The Holiday Issue: November-December 2012

Innovators in bread, mushrooms, and on the table.

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Amy Scherber is my new hero.

Like you, I was aware there was a brand called Amy’s Bread in our crowded town of quality carbs (and that its semolina-raisin-fennel loaf made any cheese board immeasurably better). But after reading Regina Schrambling’s profile of the pioneering namesake, I don’t just want Amy’s bread—I also want her autograph.

Turns out Scherber ended the bad old days when crust-and-crumb junkies could hardly find a fix. She decided New York deserved better and, after proofing her craft in France, fired up ambitious ovens in Hell’s Kitchen 20 years ago and has been serving Paris-worthy baguettes and serious sourdough ever since.

Her vision changed the city foodscape forever, but she’s just one of the culinary game-changers in this issue, innovators whose ideas are greater than sliced, well, you know.

Cut from the same conceptual loaf is John Cage, who would have turned 100 this year. He was an avant-garde composer but, to my taste, his greatest work was not audible but edible: he founded the current incarnation of the New York Mycological Society 50 years ago. So many people foraged with Cage, our writer compares the common claim to saying you once got drunk with Norman Mailer. Today the club’s 200-plus members hunt mushrooms across Manhattan and beyond, connecting to the natural world and collecting wild delicacies that outshine anything money can buy.

As ideas go, good bread is ancient—and hunting and gathering is even older. Recently, cooking with fire was also rediscovered in modern Manhattan. Famous for the refined fare at his first Michelin-starred Mas (French for farmhouse), chef Galen Zamarra considered how to evolve his cuisine when a light bulb went on—or rather, a flaming log. So, for his new restaurant Mas (La Grillade) the post-modern Prometheus brought in custom grills and converted the newsstand next door to what must be the West Village’s only woodshed. He cooks nearly everything on the menu—from lamb to lettuce—over embers, but the results are more Michelin man than cave man. While it’s an insult to say someone has reinvented the wheel, I give Zamarra high praise: he has reinvented fire.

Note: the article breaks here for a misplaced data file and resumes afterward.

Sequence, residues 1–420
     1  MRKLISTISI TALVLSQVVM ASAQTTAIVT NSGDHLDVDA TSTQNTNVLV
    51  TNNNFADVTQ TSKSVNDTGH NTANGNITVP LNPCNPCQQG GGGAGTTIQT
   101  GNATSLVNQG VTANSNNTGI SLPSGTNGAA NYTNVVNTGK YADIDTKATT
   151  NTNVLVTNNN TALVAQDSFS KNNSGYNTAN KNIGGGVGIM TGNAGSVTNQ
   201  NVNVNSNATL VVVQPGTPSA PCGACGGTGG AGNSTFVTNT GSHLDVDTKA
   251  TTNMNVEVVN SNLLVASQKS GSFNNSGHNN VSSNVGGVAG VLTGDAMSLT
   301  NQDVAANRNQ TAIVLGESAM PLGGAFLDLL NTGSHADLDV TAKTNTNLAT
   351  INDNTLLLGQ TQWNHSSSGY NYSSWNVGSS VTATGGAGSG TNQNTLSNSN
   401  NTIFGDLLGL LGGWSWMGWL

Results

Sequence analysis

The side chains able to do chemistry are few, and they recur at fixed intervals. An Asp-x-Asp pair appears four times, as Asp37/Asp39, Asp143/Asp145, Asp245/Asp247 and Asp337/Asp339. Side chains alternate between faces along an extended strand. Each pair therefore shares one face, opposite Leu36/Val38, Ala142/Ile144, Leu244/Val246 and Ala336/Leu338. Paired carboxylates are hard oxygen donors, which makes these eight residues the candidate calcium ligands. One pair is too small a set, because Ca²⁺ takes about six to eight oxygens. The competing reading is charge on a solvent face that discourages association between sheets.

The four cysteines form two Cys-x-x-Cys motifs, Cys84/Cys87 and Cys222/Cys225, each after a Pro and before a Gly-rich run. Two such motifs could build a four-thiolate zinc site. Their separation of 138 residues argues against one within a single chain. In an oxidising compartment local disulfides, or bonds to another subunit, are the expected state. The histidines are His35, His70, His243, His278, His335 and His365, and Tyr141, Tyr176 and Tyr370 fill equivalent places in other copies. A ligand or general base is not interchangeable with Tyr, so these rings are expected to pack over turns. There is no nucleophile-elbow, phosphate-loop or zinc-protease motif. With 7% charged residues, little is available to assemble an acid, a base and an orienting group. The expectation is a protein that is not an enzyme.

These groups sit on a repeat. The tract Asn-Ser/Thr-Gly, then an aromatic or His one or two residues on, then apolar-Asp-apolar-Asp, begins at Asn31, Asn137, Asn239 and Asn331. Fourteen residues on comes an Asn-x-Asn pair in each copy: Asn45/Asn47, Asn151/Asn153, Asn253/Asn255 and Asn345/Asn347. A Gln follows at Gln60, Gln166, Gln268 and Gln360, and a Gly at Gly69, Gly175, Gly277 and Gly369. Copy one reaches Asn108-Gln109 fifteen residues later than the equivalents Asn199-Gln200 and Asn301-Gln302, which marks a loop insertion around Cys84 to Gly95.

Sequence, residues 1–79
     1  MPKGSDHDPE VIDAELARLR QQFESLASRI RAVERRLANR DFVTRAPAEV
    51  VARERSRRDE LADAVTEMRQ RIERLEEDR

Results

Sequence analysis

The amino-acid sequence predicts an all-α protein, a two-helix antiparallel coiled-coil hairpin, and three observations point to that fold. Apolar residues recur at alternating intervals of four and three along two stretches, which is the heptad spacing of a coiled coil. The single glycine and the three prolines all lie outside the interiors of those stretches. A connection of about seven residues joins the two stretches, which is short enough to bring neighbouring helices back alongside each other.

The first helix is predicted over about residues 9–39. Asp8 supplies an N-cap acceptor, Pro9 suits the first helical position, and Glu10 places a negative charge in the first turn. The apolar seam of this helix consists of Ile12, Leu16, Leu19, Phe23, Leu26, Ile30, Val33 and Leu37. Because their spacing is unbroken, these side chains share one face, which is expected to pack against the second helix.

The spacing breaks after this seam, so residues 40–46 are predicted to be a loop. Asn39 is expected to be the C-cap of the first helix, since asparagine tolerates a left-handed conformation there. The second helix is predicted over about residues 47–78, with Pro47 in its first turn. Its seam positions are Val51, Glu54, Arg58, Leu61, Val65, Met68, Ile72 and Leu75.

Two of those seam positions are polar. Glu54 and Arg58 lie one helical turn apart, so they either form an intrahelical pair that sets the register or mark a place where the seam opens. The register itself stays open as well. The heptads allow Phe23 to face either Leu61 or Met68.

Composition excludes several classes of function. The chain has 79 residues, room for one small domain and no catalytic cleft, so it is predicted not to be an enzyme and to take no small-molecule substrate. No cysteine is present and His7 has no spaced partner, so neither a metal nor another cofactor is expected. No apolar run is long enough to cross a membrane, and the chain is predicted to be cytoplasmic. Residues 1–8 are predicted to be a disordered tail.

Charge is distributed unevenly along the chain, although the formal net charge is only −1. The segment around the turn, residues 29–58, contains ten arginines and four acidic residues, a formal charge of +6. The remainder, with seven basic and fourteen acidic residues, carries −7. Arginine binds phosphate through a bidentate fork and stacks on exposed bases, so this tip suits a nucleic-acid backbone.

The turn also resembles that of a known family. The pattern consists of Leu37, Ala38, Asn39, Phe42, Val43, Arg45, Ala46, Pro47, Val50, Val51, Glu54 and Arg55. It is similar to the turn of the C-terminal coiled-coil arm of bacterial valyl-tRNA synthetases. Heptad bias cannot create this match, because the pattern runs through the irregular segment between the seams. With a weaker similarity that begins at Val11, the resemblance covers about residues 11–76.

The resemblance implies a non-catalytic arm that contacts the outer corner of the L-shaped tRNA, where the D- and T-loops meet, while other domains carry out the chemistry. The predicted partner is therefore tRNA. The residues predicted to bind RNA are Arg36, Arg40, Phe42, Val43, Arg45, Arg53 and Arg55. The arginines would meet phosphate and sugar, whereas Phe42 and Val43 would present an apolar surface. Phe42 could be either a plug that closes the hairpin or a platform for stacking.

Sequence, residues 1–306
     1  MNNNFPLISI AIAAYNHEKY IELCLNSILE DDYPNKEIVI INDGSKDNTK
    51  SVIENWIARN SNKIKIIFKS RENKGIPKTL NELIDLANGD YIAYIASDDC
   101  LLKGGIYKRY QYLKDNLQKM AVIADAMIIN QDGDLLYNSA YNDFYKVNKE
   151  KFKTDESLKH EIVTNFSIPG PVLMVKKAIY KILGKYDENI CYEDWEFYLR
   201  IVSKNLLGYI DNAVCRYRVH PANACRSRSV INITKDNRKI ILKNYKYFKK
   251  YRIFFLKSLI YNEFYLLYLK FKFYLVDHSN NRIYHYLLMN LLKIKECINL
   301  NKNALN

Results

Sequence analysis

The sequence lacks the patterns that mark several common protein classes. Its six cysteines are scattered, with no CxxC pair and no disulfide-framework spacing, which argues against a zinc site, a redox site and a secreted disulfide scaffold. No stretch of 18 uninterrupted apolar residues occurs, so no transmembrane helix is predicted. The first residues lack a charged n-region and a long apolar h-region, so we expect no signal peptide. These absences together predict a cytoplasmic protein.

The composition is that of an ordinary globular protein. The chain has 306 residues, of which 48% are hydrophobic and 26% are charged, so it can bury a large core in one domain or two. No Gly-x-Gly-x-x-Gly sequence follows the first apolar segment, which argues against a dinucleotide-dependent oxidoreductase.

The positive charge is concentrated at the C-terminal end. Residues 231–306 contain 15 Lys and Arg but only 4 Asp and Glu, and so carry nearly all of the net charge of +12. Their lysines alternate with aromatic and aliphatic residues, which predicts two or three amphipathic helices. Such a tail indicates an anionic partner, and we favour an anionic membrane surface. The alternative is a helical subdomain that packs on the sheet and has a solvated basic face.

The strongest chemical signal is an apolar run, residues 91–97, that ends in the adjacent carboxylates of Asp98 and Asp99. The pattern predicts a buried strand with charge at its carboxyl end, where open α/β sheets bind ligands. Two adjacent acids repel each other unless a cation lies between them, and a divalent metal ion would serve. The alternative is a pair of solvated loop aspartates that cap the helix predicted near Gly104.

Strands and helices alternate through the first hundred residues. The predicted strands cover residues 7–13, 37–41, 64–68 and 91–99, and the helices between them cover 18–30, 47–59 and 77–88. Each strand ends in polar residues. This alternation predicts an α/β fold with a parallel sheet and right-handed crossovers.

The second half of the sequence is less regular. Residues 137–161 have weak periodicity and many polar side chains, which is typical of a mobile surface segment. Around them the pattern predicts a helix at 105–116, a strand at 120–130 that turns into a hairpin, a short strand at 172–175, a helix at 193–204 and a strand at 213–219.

Other ideas in this issue are completely contemporary. Consider Kitchensurfing.com, where anyone can post a chef profile and land a gig making a meal in a stranger’s home. Or chew on the economic impacts of Kickstarter, the downtown-based fund-raising site that helps creative types raise cash. In just three years, it’s helped raise more than $312 million for over 30,000 projects—including culinary endeavors aplenty, from a Rockaway Beach seafood truck to a taco joint in South Korea.

But one story in this issue is about something you can’t taste: Senator Kirsten Gillibrand’s work on farm policy. For the first time in decades, New York has a seat on the powerful Senate Agriculture Committee, and while that phrase is nearly synonymous with Iowa cornfields and industrial agribiz, Gillibrand says it’s high time the farm bill instead foster sustainable systems like farmers markets and CSAs. Now that’s my kind of big idea.

These innovators’ ideas are greater than sliced bread.

 

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Gabrielle Langholtz is the former editor of Edible Brooklyn and Edible Manhattan.